I am currently a senior accountant working for BDO in Whistler, BC. I work on the small business side, assisting with tax planning and preparation of corporate and personal tax filings. Prior to this role, I worked in audit and assurance at PwC Calgary for four years. I attended the University of Lethbridge where I received my bachelor of management with a major in accounting and a finance minor in 2014. I am an outdoor enthusiast, and when I am not in the office, you can find me skiing (hopefully) powder, hiking, biking or training for various half-marathons on the valley trail.
Why did you become a CPA?
Opportunity. The prospect of being able to work anywhere in the world and in any industry had me intrigued from my very first accounting course. Becoming a CPA provided me the opportunity to move to Whistler and still maintain a professional job that affords me the lifestyle I desire.
What else do you hope to achieve in your professional and personal life?
I am currently debating between pursuing the in-depth tax course or starting the chartered financial analyst (“CFA”) program. I love to learn and I want to keep growing professionally. As for my personal life, completing my yoga teacher training has always been on my bucket list, so one of these days that is going to be ticked off.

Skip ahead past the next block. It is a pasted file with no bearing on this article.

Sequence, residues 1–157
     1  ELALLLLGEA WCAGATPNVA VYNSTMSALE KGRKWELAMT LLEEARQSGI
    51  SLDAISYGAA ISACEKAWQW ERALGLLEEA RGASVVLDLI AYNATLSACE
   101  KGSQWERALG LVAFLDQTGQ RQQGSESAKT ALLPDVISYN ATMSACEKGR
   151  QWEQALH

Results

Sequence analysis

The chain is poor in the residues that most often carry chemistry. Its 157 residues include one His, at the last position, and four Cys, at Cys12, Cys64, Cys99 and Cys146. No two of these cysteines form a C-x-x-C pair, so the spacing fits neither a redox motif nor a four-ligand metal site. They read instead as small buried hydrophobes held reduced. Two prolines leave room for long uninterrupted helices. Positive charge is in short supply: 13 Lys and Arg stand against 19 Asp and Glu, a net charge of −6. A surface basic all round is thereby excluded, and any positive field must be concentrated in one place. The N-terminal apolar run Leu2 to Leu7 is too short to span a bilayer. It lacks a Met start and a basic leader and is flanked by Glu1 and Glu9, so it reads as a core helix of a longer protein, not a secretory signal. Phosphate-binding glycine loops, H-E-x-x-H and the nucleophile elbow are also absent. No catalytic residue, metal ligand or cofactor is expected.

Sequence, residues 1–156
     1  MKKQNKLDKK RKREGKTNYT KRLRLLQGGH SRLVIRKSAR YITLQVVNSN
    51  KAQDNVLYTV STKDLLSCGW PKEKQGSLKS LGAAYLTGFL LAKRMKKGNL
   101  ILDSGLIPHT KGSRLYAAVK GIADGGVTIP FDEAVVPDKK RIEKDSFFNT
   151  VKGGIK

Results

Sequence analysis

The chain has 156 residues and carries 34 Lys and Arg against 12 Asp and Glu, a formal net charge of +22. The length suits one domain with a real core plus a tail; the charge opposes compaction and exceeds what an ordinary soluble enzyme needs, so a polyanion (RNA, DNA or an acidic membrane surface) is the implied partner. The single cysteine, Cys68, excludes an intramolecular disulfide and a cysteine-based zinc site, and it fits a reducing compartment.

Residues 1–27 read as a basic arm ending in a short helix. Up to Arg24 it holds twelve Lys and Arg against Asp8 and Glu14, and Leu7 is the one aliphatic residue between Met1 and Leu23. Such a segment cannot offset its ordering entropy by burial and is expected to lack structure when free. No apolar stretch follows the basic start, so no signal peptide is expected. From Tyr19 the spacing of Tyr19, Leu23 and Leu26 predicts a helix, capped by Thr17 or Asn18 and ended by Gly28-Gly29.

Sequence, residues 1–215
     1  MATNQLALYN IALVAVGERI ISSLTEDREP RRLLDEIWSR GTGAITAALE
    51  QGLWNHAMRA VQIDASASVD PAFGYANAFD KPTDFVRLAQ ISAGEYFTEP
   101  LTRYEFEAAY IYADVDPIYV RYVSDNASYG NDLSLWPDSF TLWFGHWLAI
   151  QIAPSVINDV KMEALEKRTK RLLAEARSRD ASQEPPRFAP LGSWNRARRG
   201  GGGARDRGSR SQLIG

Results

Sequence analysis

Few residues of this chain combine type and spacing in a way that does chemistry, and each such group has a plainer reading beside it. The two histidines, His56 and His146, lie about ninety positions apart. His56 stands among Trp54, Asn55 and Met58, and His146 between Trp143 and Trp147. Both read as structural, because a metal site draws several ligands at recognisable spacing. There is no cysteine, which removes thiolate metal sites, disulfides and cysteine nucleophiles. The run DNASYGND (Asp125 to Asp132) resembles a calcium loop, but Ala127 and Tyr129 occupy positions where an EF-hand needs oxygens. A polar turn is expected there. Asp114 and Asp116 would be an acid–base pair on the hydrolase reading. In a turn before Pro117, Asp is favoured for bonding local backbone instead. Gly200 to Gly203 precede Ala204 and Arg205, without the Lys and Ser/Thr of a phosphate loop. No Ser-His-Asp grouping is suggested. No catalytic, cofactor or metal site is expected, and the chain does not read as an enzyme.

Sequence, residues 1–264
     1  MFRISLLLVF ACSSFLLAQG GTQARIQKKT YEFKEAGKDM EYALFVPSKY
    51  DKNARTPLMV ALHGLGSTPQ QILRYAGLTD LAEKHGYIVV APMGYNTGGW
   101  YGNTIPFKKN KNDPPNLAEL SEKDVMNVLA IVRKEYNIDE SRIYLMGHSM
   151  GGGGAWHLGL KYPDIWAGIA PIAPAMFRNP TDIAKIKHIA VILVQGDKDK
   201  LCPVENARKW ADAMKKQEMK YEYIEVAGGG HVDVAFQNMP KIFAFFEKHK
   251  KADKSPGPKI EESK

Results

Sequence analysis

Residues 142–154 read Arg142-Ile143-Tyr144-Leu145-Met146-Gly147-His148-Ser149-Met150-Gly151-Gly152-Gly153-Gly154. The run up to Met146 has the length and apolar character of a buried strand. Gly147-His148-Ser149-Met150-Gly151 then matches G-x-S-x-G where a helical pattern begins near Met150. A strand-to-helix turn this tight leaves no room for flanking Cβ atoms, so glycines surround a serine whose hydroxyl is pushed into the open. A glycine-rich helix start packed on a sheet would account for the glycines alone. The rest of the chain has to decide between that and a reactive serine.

Can you share an interest outside of work that you are passionate about?
I am super passionate about health and natural medicine. Looking back if I had not become an accountant, I think I would have become a naturopath doctor. Naturopathy has changed my life and I would encourage others to be open to it.
What is the most memorable moment in your path to becoming a CPA?
Marks day. Waking up and seeing my CPA student number on the list of successful writers is easily one of the best days of my life. Every grueling moment of studying, case writing, and sacrificing my personal life became worth it.
If you could summarize your attitude towards change in one sentence, what would it be and why?
In today’s world especially, things are changing at such a rapid pace you are far better off going with the flow and being a part of the change than trying to resist it.
What is the greatest change you have witnessed in your industry? Amidst all this change, how to you keep your company competitive?
Employees, especially in my generation, want work life balance. We want to work hard, and play harder. The old school mentality that you have to be at your desk to get your job done is slowly being replaced with flexible work arrangements and I think it is a great thing. In order for public practice firms to stay competitive, we need to provide opportunities for flexible working arrangements.